The only things preventing a continued increase in North American natural gas and oil resources will be regulations and a lack of ingenuity, an ExxonMobil Corp. executive said last week in Houston.
A day-long parade of experts from across the energy spectrum offered their thoughts on what's ahead for the industry at the annual Deloitte Oil & Gas Conference.
ExxonMobil Vice President Bill Colton, who's in charge of corporate strategic planning, pointed to the constant gains in North American reserves reported in the latest World Energy Outlook by the International Energy Agency (IEA) (see related story). Those reserves increases, he said, have come about because of human innovation.
"This why those who talk about peak oil have to revisit that thought," Colton said. "This is a technology story about good, old-fashioned human innovation...In the deepwater, in unconventionals like oilsands and tight oil we have seen tremendous growth rates in supply...It's amazing what people can do now, drilling thousands of feet below the ocean floor. It's quite an inspiring story, having these new sources of supply."
The continuing growth in global natural gas resources are particularly encouraging, said Colton. "We do have conventional and unconventional resources around the globe. Note, we're talking about 28,000 Tcf of gas," according to IEA's new estimate. "That amounts to 250 years of supply coverage." North America "has a particularly attractive resource endowment, particularly on unconventionals...Here in the U.S., the story is dominated by unconventionals."
ExxonMobil's annual global energy outlook last December, which last year projected reserves estimates to 2040, predicted that 70% of U.S. gas by then would be from unconventionals (see NGI, Dec. 12, 2011). The next report should be published in the next few weeks. The North American gas outlook will only improve in the coming decades, as will tight oil.
"As we do every year, every time we do our outlook, the number has indeed risen, and we expect tight oil to be higher" in this year's report. "We try to get a balanced outlook, and not the most optimistic outlook. We look at what is reasonably possible. The world is changing fast in that [tight oil and gas] space."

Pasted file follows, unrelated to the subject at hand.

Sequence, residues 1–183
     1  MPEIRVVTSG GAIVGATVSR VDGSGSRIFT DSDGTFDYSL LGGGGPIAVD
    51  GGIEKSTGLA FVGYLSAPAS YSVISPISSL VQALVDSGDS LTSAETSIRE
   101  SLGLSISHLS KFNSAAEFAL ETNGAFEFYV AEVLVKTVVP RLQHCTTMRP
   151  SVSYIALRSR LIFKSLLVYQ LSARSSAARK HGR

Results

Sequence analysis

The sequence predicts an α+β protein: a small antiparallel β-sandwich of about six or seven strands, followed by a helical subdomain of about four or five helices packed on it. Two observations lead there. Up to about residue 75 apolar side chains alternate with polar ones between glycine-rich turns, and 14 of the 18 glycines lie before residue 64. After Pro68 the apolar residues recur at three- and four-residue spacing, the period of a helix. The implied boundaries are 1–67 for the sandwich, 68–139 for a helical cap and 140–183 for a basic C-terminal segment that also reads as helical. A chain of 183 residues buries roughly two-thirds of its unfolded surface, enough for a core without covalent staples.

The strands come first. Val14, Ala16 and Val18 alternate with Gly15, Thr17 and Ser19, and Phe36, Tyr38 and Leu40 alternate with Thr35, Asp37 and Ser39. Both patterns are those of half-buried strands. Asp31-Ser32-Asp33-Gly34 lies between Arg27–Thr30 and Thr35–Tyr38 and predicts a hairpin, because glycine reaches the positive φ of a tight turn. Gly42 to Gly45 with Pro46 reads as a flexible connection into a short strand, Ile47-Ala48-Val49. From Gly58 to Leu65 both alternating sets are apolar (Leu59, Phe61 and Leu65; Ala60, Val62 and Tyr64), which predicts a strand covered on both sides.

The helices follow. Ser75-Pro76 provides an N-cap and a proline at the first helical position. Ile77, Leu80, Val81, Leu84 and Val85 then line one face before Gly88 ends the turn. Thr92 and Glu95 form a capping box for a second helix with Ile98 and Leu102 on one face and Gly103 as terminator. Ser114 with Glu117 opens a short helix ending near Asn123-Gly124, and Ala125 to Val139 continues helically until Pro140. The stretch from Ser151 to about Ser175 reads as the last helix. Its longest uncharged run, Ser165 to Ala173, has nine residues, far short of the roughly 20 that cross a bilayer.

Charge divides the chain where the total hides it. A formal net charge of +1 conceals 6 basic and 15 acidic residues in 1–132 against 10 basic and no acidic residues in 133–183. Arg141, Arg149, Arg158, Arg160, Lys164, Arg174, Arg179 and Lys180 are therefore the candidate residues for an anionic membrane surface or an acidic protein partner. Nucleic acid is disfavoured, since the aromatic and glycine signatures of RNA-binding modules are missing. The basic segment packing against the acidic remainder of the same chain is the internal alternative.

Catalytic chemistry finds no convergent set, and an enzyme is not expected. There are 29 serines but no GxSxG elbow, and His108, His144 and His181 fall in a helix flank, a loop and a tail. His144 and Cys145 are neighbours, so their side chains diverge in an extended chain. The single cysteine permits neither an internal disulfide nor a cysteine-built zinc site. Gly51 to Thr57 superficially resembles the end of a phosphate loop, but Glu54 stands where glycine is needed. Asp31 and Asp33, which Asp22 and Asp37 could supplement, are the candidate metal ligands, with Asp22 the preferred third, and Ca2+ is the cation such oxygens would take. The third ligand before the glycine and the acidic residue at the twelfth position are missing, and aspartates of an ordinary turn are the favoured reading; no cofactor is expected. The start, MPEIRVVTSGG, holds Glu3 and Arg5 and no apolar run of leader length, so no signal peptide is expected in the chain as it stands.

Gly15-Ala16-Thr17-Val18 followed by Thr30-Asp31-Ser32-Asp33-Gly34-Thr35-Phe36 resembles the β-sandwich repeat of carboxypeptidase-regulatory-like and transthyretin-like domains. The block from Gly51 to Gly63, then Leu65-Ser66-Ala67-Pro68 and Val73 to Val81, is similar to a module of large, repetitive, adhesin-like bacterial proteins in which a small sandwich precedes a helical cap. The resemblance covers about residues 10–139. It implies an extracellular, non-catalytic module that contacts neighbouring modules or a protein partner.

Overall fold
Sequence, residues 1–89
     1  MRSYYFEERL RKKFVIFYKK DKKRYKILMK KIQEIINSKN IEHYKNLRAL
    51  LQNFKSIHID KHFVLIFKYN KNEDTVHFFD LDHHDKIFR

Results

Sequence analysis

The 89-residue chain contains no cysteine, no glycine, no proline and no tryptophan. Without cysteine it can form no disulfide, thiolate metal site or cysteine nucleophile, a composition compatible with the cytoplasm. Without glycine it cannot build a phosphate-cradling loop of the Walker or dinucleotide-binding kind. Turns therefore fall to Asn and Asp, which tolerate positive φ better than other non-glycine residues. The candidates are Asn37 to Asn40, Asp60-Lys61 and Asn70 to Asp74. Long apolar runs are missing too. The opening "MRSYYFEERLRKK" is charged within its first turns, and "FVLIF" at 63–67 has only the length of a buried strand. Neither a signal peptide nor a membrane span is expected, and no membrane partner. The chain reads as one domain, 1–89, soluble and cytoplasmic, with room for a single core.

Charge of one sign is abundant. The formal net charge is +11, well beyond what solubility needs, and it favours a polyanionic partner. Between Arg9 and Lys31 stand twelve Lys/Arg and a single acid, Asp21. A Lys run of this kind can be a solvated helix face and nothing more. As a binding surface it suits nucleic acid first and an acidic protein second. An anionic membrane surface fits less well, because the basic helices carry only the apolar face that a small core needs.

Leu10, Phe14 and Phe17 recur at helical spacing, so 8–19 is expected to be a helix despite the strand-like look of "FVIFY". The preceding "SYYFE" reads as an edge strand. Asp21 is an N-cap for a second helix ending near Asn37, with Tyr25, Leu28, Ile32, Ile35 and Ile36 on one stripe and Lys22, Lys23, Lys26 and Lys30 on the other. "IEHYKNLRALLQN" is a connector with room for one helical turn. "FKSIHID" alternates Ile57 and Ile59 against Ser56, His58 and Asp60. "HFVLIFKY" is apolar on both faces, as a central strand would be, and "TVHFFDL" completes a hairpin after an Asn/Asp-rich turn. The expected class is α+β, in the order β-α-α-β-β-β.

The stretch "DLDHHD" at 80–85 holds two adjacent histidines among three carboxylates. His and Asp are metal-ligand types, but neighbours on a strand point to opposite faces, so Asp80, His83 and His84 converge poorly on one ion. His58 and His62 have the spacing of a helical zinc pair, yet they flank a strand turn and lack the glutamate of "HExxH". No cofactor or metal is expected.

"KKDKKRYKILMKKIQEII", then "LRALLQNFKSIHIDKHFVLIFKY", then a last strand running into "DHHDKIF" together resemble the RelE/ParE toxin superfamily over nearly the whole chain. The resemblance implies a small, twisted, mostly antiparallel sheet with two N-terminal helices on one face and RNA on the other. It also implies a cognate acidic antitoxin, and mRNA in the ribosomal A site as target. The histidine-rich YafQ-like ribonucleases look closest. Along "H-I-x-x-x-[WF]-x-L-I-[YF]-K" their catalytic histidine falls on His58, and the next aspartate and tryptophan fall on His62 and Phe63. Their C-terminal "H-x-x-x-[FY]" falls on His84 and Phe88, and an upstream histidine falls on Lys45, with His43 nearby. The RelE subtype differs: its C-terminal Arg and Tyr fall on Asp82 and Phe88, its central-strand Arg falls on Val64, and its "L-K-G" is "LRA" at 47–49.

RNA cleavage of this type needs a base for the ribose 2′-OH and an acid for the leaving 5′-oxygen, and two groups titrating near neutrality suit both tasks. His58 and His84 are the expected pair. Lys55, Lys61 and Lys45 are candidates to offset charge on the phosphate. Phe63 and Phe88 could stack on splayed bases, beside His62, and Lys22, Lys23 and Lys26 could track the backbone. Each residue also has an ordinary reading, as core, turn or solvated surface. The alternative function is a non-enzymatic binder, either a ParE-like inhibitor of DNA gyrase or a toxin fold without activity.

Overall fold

ExxonMobil does its analysis "play by play," said Colton. "We can't always extrapolate what a producer is doing in one play to another, one region to another...But we get a pretty good idea of decline curves, which tend to get a stable flow over time. We work that into the outlook and put it into the forecast. In new areas, we have a rough destination of how they will play out over time."
Global gas growth is a mixed picture, but there is "tremendous growth" in liquefied natural gas (LNG), he said. "Where the original markets were, it's continuing to grow strongly."
However, ExxonMobil doesn't share any enthusiasm -- outside of fleet vehicles -- for LNG or compressed natural gas for cars. The car market is "an area to watch," but the costs appear to outweigh the benefits (see related story. "There will be two subsets of transportation; there will be fleets...to the same depot to fuel infrastructure. It makes sense to do that...Another interesting segment is LNG for long-haul trucking. The economics for that look interesting also. It will take time, but both of those subsets look good...
"For cars, frankly with the tanks required and all of the infrastructure needed, the math is marginal at best," he said. "We don't think it's a big growth area. The markets will decide over time and customers will decide. It's a market to watch" (see related story).
Energy use "evolves over time," said the ExxonMobil executive. "We can't turn the world of energy over in just a few years. It takes a long time. Investments have lives of 50 years or longer. This goes back to 1850 and started with biofuels (wood) then the industrial revolution brought coal, then when cars came along oil became No. 1...The point is, it's driven by markets and human innovation...The good news is we can do all of these things," and "free trade is good for our country. It's clearly a good thing for the growth of the U.S. economy."
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